Crewman lost in Gulf of Mexico


#1

March 17. While attempting to transfer personnel to either the Western Monarch or Western Neptune from the Geco Snapper using their small work boat / FRC, something went wrong and the small boat capsized dumping the personnel. All but one were immediately rescued by the Western Monarch’s FRC. The USCG, Cougar Rescue, the rest of the siesmic fleet working with the Western Monarch and others have been searching since yesterday but haven’t found the missing crewman. This was approx 30 nm south of Southwest Pass.


#2

Isn’t GECO Snapper a Chouest vessel?


#3

It is operated by Chouest and has been on charter with Western Geco for quite a while.


#4

This link has part of the story. They are wrong about the Geco Snapper being 68 ft. I think it should have read 68 meters. www.nola.com/news/index.ssf/2009/03/coast_guard_search_for_missing.html


#5

Anyone know what the sea conditons were like when this happened?


#6

A quick look suggests that the winds were from the North to Northeast ranging from 10 knots on up to 24kts on Tuesday morning 17th.


#7

No word on what happened? I would guess this person suffered from hypothermia and died. Would an exposure suit have saved this person? Who knows? Maybe something else caused this poor person’s death. But as long as exposure suits and immersion suits are not required on GOM vessels one was to wonder just how serious these companies really are about “safety”. From the decks of rigs in the winter I have watched anchor crews on the anchor boats standing within feet of the stern and certain death should they be washed over wearing nothing more than a “work vest”. The USCG will write you a ticket for not having a life vest on your bass boat in the middle of summer if all you have are “work vests” on board, so they obviously don’t think work vests have much value.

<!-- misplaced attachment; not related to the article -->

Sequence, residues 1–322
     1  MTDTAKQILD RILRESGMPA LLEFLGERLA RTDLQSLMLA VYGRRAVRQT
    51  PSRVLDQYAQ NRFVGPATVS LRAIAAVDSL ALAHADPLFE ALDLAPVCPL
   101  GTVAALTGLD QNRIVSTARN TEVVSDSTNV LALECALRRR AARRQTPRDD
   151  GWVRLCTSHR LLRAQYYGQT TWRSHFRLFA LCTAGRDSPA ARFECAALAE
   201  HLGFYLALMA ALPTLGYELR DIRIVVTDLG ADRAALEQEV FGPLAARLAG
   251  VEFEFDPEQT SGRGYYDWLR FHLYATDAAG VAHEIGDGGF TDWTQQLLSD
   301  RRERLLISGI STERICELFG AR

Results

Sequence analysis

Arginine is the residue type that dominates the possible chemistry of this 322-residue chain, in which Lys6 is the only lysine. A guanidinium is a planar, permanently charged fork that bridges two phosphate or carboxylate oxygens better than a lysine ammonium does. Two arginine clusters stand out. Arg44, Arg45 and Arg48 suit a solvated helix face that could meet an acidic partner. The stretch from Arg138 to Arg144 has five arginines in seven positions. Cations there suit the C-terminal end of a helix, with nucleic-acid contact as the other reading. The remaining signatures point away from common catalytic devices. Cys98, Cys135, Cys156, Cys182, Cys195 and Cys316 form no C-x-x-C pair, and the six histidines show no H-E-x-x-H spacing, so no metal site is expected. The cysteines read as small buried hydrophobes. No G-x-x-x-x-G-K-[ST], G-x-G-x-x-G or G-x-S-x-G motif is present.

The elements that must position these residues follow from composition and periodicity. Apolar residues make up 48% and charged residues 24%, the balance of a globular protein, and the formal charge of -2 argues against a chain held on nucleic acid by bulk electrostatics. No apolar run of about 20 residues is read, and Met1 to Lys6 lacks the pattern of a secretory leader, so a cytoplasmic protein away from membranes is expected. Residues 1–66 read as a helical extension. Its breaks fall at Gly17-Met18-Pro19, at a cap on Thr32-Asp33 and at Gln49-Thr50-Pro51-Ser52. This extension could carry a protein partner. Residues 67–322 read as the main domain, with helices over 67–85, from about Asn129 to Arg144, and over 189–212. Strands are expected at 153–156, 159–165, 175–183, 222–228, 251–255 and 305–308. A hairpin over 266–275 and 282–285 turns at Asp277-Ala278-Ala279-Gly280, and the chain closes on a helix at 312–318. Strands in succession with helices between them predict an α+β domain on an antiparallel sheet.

#8

There was no hypothermia. The other crewmen were rescued a few minutes after the incident. The people in the water seen him come up and go down. They where inflatable life vests. Hearsay has it that his was not inflated. I beleive it was a severe capsize so he was probably injured and maybe even the life vest was torn up.


#9

Inflatable vests? Were no normal life saving vests available or mandatory? The investigation report, if there is one, should tell us more.


#10

Maybe I should have specified inflatable “work vests”. These are common outside the GOM and are preferred by companies who can to spend the money. This seismic crew, being the size it is, probably has as many as 20 small boat operations in a normal week for cable work and small supply transfers in between ships (not necsasarily personnel transfers), which I’m sure will be curtailed after this incident. They usually have all their training done to North Sea standards and they stick to them, except of course the immersion suits while operating in the GOM. Regular foam work vests weren’t allowed on the boat I worked on in the North Sea.


#11

Some facts form a little bird.
The Able seaman could not swim,
He was pulled under the hull and last seen in the prop wash behind the boat, for only an instant and then nothing. The Type of pfd would not have mattered.
The man had a family.
GOD BE WITH HIM. HE WILL BE MISSED!


#12

OK. Got it. I’m familiar with those vests and they’re normally pretty good vests, tough also.